SANAA, Yemen—Security forces battled in the streets of the Yemeni capital with fighters from the country’s most powerful tribe, which has joined the opposition, in an eruption of violence Monday after President Ali Abdullah Saleh refused to sign an agreement calling on him to step down.
The fighting was the fiercest yet between the pro- and anti-Saleh camps, raising fears that the collapse of efforts to negotiate a peaceful resolution to Yemen’s 3-month-old crisis could throw the country into a violent confrontation. Hundreds of thousands of Yemenis have been holding protests since February demanding Saleh’s removal, and they have been hit by a bloody crackdown—but before Monday there had been only minor armed clashes between the two sides.
The violence erupted outside the Sanaa home of Sheik Sadeq al-Ahmar, leader of Yemen’s largest tribe, the Hashid. Saleh himself belongs the tribe, but al-Ahmar announced in March that the Hashid were joining the popular uprising against the president.
The spark of the fighting was unclear. Some witnesses said security forces had been setting up roadblocks between al-Ahmar’s walled residential compound and the nearby Interior Ministry, and that tribesmen saw it as a provocation.
Tribesmen and security forces battled in the streets surrounding the ministry, trading fire with automatic weapons and rocket-propelled grenades. Smoke was seen rising from the ministry building. Tribal fighters took over buildings belonging the nearby Industry Ministry as well, the Interior Ministry said in a statement.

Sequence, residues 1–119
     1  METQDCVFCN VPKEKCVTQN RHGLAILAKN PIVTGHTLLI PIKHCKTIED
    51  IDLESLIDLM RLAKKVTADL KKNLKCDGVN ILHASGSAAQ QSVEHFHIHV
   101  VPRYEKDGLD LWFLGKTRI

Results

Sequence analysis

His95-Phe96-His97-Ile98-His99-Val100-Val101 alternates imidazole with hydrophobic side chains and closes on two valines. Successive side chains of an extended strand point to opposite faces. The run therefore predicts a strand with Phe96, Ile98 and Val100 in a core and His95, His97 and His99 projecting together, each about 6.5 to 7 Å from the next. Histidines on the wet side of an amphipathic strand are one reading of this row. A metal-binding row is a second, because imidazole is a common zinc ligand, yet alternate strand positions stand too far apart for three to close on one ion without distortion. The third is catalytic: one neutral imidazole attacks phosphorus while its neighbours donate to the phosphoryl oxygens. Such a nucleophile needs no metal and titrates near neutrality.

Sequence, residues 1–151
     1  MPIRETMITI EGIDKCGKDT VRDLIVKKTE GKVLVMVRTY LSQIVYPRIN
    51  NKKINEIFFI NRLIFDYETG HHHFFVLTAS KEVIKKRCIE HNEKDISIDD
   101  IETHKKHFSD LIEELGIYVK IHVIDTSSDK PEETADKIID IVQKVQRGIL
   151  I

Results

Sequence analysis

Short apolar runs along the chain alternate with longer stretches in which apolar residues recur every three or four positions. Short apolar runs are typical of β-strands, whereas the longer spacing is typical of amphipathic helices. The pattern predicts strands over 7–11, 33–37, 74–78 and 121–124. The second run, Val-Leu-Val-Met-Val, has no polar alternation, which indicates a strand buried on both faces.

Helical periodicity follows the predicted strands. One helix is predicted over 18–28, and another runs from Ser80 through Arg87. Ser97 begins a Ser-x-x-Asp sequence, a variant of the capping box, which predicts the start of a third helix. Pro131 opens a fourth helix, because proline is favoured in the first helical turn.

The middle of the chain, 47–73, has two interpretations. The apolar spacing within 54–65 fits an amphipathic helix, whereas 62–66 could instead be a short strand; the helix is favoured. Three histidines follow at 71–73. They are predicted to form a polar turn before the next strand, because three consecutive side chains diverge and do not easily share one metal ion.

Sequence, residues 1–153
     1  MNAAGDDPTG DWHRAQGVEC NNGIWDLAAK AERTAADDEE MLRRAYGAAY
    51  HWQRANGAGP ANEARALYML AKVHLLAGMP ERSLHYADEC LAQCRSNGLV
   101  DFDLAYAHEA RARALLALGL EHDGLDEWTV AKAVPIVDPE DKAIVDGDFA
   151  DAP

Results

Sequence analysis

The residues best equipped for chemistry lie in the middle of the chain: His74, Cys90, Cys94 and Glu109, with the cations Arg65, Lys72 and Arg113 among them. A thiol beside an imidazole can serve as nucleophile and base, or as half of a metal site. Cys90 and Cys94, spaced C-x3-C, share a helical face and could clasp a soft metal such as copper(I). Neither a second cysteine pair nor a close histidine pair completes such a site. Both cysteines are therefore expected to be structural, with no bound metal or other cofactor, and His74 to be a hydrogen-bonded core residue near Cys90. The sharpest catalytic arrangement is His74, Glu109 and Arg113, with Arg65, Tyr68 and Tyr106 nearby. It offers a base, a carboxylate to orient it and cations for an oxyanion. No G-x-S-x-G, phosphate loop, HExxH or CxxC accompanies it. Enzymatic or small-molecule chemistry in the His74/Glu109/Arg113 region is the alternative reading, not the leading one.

Hundreds of Hashid fighters were moving in from outside Sanaa to al-Ahmar’s house to protect it, a tribal offical said, speaking on condition of anonymity because of the sensitivity of the situation.
A Yemeni journalist was injured by flying shrapnel that hit the nearby headquarters of the state news agency Saba, and dozens of other journalists took refuge in the building’s basement, according to the head of the Journalists Syndicate, Marawan Damag. He said the crossfire made it impossible to take the wounded man to the hospital.
The Yemeni opposition accused the security forces of trying to “storm” the house of al-Ahmar and it warned of “assaults that aim to drag the country into civil war.”
The violence erupted amid heightened tensions following Saleh’s refusal to sign a U.S.-backed, Gulf Arab-mediated agreement under which he would step down in 30 days and hand over power to his vice president and a unity government in return for immunity from any future prosecution.
Sunday night, pro-government gunmen and soldiers locked down main streets around the capital with roadblocks, while tens of thousands of anti-Saleh demonstrators were massed at their protest camp in a central Sanaa square, worried that a new crackdown could ensue.
The situation in Yemen is particularly explosive because of the heavy weaponry on both sides. Saleh’s regime has been bled dry by a wave of defections by party officials, tribes and—most importantly—major units from the national army.
Saleh has been able to cling to power, however, by maintaining the loyalty of Yemen’s best trained and equipped military and security units, which are headed by close family members.
Those security forces have occasionally unleashed bloody attacks on the crowds of protesters holding street demonstrations demanding Saleh’s removal. The opposition says 150 protesters have been killed during the uprising. But the pro-opposition military units and tribal fighters have avoided fighting with Saleh’s security forces, except for scattered minor clashes.